As Variety reports, Universal has canceled the release of The Hunt, previously set for September 27. The cancelation comes after three mass shootings and Universal said in a statement that “now is not the right time to release this film.” On the other hand, “We stand by our filmmakers,” associated with “this satirical social thriller.” Potential audiences might find “satirical” a bit odd, given the content.
“There’s some on-the-nose dialogue in the film itself making its political allegory even more clear,” explains James Hibberd at Entertainment Weekly. For example, one character asks “Did anyone see what our ratf—-er-in-chief just did?” Fortunately, “at least the hunt’s coming up. Nothing better than going out to the manor and slaughtering a dozen deplorables,” as Hibberd notes, “referring to Hillary Clinton’s term for some of Trump’s supporters.”
In the CNN report on the cancelation, “every year ‘elites’ hunt average Americans from states like Wyoming and Mississippi for sport.” Americans in all states have good cause to wonder if the movie was more like cinéma vérité, as studios like to say, based in part on actual events.
Once at the controls of the Union of Soviet Socialist Republics, Josef Stalin set out to collectivize agriculture, putting it under complete control of state planners. Small independent farmers, dubbed kulaks, resisted the plan. So in 1932-33, Stalin set out to abolish the kulaks as a class by starving them to death, a method of mass execution Stalin pioneered.
Millions perished, but for Anna Louise Strong, the American editor of Moscow News, “Stalin had merely analyzed and authorized what farmhands were instinctively doing.” According to Walter Duranty of the New York Times, there was no forced famine at all and the collectivization of agriculture was a great success. Jump ahead to contemporary America.
In the progressive vision, the United States is inexorably moving toward a society planned by an elite vanguard that has somehow escaped the conditioning that traps everybody else in false consciousness. Several Democrats running for president proclaim themselves democratic socialists, a theme F.A. Hayek unraveled in The Road to Serfdom, in the chapter “The Totalitarians in Our Midst.”
As the future Nobel laureate explained, “democratic socialism, the great utopia of the last few generations, is not only unachievable, but to strive for it produces something so utterly different that few of those who now wish for it would be prepared to accept the consequences.”
In his chapter “Why the Worst Get on Top,” Hayek writes:
Just as the democratic statesman who sets out to plan economic life will soon be confronted with the alternative of either assuming dictatorial powers or abandoning his plans, so the totalitarian dictator will soon have to choose between disregard of ordinary morals and failure. It is for this reason that the unscrupulous and uninhibited are likely to be more successful in a society trending towards totalitarianism.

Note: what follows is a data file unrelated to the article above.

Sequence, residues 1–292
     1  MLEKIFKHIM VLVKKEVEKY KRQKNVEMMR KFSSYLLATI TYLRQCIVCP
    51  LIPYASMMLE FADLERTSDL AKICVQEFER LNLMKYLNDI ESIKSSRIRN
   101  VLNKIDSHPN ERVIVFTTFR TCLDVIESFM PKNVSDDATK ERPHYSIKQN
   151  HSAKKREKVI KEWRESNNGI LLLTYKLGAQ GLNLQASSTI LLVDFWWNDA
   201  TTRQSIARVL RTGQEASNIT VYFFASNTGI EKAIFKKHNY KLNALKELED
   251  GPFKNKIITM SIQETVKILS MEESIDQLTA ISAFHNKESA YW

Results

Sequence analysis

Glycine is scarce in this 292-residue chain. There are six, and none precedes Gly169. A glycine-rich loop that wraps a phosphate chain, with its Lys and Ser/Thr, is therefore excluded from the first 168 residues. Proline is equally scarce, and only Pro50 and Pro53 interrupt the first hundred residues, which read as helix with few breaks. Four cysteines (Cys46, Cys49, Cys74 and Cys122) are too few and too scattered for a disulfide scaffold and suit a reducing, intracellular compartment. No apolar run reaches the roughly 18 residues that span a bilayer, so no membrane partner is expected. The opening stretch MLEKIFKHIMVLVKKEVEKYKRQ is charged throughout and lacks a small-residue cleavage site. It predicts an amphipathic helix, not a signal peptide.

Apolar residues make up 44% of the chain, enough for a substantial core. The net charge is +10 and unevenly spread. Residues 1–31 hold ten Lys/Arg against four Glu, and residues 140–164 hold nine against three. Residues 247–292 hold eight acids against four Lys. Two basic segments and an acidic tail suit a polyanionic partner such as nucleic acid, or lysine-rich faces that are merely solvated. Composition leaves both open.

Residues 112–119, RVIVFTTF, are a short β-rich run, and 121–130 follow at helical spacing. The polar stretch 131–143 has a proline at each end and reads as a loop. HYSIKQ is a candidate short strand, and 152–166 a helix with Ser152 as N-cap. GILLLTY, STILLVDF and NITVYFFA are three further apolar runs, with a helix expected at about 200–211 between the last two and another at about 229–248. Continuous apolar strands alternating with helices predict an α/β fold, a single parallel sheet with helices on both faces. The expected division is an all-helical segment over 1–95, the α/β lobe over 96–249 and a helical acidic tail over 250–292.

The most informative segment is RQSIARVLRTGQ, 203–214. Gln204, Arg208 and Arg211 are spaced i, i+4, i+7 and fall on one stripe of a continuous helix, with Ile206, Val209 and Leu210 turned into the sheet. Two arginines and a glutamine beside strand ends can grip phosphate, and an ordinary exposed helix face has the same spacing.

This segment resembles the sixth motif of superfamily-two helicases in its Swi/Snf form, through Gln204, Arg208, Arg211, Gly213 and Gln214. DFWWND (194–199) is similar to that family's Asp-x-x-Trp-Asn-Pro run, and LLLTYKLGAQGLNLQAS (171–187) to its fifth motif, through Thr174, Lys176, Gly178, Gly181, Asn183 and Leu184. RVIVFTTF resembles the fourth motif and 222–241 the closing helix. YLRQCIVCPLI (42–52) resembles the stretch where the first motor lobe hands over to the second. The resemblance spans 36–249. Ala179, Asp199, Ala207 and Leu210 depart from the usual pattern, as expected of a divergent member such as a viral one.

Hayek understood that “ruthlessness is required for the task” and in such a system, “it is easier for people to agree on a negative program – on the hatred of an enemy, on the envy of those better off – than on any positive task.”
Under a democratic socialist president in America, the imposition of the Green New Deal, government monopoly health care, and other “progressive” goals, would require social disruptions on a massive scale. Like the kulaks, many Americans would resist, and that would call for action against the hated deplorables. The ruthlessness required for the task would be easier with a film like The Hunted in theaters, and the nation has already seen a preview.
In 2017, Bernie Sanders supporter James Hodgkinson shot up Republicans at a baseball game, nearly killing Rep. Steve Scalise. This attempted mass murder evoked little protest or outrage from the establishment media. A larger scale assault on the deplorables would be accompanied by politicians’ cries of “racist,” “white supremacist,” “Islamophobe,” etc., faithfully echoed by the establishment media.
The hunt for red America would be easier to pull off if the democratic socialist regime trending toward totalitarianism took away or diminished the people’s right to keep and bear arms. For reference see Stephen P. Halbrook’s Gun Control In the Third Reich: Disarming the Jews and “Enemies of the State.” In similar style, the Ottoman Turks also disarmed the Armenians, as Peter Balakian documented in The Burning Tigris: The Armenian Genocide and America’s Response.
As Variety noted about The Hunt, “studio leadership ultimately determined that the film could wait.” Perhaps it will hit theatres sometime after November, 2020.
In 1991, meanwhile, President Ronald Reagan awarded the Presidential Medal of Freedom to Friedrich Hayek, one year before he passed away. Back in the day, in The Road to Serfdom, Hayek left some thoughts on how to avoid deadly outcomes from the totalitarians in our midst.
“If the democracies themselves abandon the supreme ideal of the freedom and happiness of individual,” they in effect admit “that their civilization is not worth preserving.” Therefore, says Hayek, “we must retain the belief in the traditional values for which we have stood in the past and must have the moral courage stoutly to defend the ideals which our enemies attack.”